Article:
Eventually the film commits a final, unpardonable cheat by "vindicating" Laine and having the allegations turn out not to be true after all, allowing her to plume herself even more luxuriantly on her virtue (See? I could have honestly denied them, but I still refused to dignify them!) but by then it really makes no difference, because a terminal threshold of insufferability has already been passed. It can be pinpointed in a plot twist whereby the bigoted Representative Sheldon “Shelly” Runyon (R-IL) has gone so far, in the confirmation hearings, in baiting her over the issue of abortion that his own wife has slipped Laine the information that she herself had an abortion many years ago (which “Shelly doesn’t know”). In the subsequent scene, Runyon’s blustering has reached such a height of ass-holery that every viewer is yearning for Laine to deploy her newfound bit of dirt and devastatingly deflate him, but we know with eye-rolling certainty that she won’t because she is too piously, ostentatiously noble to do so. And she doesn’t.

 That Joan Allen received an Oscar nomination for The Contender is not at all surprising – these are the sorts of roles that are custom-written to attract the Academy’s attention, and had she in fact won I would have been disappointed but not surprised. Far more gratifying is that Jeff Bridges received a nomination for his performance as President Jackson Evans, whose performance – along with Sam Elliott’s as Chief of Staff Kermit Newman – is instrumental to the film’s redeeming qualities. Chief among these are that the film’s interest in politics is genuine and voracious. Throughout the 1990s, watching films like Dave and Wag the Dog, one could readily bemoan the passing of the great 70s tradition of political engagement, embodied both in the paranoia films like Three Days of the Condor and The Parallax View, and in the earnest-realist tone of works like The Seduction of Joe Tynan. As he makes clear in the DVD featurette, however, Lurie came to The Contender with the specific agenda of doing justice to the 70s tradition, and the results show. This is a film which makes no allowances for the politically un-saavy, with lines such as “I think the House has advise-and-consent power on this one” and “the people have given you Reagan-like approval numbers” zipping past with no pause for explanation. Likewise, knowledge of historical figures like Anwar Sadat, relative to Churchill, Mandela, and de Gaulle, is simply presumed. People who don’t know off the top of their head that Gerald Ford appointed Nelson Rockefeller vice-president after assuming office upon Nixon’s resignation are not this film’s core audience.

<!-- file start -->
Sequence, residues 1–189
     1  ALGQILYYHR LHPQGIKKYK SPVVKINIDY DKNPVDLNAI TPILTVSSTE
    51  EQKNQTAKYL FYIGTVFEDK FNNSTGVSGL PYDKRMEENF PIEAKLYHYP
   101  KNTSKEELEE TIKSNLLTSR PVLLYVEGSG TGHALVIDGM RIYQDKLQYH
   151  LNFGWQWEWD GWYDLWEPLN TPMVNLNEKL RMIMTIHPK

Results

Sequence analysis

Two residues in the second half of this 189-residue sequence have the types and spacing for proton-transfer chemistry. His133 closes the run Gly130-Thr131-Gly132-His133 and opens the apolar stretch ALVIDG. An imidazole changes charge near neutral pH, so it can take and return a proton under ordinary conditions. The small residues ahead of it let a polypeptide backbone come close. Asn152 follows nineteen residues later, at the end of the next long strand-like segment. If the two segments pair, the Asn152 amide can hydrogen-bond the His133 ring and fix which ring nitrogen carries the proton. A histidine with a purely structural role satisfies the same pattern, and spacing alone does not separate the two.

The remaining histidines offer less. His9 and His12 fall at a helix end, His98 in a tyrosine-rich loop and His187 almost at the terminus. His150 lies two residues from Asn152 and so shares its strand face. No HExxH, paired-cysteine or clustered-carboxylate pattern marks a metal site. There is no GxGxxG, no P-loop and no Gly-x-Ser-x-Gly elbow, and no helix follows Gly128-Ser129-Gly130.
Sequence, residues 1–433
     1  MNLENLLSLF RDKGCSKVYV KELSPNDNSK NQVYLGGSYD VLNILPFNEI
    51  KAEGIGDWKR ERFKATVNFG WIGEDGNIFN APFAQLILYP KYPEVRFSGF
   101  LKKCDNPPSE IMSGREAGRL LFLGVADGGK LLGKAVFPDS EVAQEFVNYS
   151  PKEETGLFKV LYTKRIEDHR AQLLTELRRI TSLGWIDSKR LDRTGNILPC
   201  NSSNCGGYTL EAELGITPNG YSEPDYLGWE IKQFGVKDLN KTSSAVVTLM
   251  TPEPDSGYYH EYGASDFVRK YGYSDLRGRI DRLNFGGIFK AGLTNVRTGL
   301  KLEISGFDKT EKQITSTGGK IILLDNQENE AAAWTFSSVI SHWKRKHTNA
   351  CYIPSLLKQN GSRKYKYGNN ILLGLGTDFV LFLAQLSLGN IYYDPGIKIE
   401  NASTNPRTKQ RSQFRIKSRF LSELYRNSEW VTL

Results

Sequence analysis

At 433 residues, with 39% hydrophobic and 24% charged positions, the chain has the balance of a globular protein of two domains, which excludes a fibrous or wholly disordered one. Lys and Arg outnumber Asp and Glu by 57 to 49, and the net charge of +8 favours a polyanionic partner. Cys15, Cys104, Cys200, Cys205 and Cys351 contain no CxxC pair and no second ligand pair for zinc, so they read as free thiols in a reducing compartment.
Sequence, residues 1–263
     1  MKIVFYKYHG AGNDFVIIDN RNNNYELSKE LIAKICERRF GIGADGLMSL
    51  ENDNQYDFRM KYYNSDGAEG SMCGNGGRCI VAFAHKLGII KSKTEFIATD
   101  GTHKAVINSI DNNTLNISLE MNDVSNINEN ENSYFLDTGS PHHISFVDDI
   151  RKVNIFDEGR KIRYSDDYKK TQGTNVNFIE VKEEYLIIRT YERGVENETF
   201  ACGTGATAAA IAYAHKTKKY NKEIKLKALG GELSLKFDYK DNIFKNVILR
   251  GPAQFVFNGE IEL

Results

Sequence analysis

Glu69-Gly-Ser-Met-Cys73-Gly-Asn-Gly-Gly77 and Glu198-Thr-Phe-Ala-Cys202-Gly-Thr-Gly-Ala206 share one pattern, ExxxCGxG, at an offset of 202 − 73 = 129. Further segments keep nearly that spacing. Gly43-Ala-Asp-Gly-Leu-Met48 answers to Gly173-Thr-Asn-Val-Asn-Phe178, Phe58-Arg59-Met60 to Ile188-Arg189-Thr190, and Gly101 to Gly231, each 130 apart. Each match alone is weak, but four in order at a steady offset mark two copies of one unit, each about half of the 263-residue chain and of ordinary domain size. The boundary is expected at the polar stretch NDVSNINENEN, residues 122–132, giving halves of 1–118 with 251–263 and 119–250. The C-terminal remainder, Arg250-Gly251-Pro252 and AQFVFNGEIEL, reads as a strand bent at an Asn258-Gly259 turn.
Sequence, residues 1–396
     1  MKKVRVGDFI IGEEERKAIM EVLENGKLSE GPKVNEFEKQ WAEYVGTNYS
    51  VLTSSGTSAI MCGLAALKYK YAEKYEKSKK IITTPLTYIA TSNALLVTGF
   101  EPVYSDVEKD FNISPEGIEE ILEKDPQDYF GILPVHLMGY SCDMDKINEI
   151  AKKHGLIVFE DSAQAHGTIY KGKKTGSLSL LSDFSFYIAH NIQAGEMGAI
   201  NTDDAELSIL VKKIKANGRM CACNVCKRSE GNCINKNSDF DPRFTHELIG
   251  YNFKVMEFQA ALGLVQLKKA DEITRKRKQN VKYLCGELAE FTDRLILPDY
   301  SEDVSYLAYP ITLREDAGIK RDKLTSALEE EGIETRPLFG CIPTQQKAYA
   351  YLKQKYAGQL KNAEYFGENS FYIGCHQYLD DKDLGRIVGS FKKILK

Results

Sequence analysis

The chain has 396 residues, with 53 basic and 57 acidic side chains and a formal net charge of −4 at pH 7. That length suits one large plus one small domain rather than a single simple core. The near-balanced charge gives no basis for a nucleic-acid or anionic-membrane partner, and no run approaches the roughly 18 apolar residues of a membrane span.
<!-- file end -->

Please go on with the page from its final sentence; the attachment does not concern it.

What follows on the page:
The scenes involving Evans and Newman are invariably the film’s best, what with the easy tone of familiarity with political reality that Lurie elicits from them. These are hardened political veterans with none of Laine’s moralistic illusions about politics. Evans is such a master manipulator that he can turn a sharksteak sandwich into a first-class weapon against a young neo-con Democrat who may help the Republicans; and Newman is the sort of unflappable enforcer who, seeing the whole imbroglio purely as a matter of who can out-smear who, thinks nothing of roaring “I want something EMBARRASSING! Something sexual! Little boys, midgets, that sort of thing! Cows! I don't give a goddamn!” To Laine’s sanctimonious plea that “if we do that we’re no better than he is,” he tersely replies “we are no better.” Such are the film’s moments of refreshing candor, which ring so blissfully true. When Evans first moots Laine as his vice-presidential pick saying "if it doesn't work with Hanson we'll go back to Hathaway" he does so in a tone that one can readily imagine Obama matching – sitting in the Oval Office with Joe Biden and Jack Lew, saying “if it doesn’t work with Rice we’ll go back to Kerry.”

There’s a moment early in The Contender that even more vividly shows a road not taken. When Governor Jack Hathaway (D-VA) – the scorned first-choice pick for vice-president – arrives home crestfallen after his rebuff, he finds his wife Fiona waiting for him on the front steps of the governor’s mansion, cutting a strikingly earthy figure in saggy jeans and a salmon-pink tank top. She proceeds to cattily lay into him for simply accepting his rejection and feeling sorry for himself – declaring “you’re going to take it up the ass and you want to bend over to make it easier for them?” and “you’re just going to mope around like some fourteen-year old girl who can’t get a date to the dance?” They had, after all, gone to all the trouble of arranging a car accident, which Jack would save a young woman from, thus burnishing his national profile and visibility. Fiona then does nothing less than set the whole plot of the movie in motion by fiercely informing Jack that he’s going to call up Runyon and set all the backroom scheming against Laine in motion. In short, deception having failed, they now have recourse to cronyism. She seems to understand politics far, far better than Laine Hanson.

And lastly, there's Gary Oldman's performance as Runyon. But that one will require a whole new post to itself...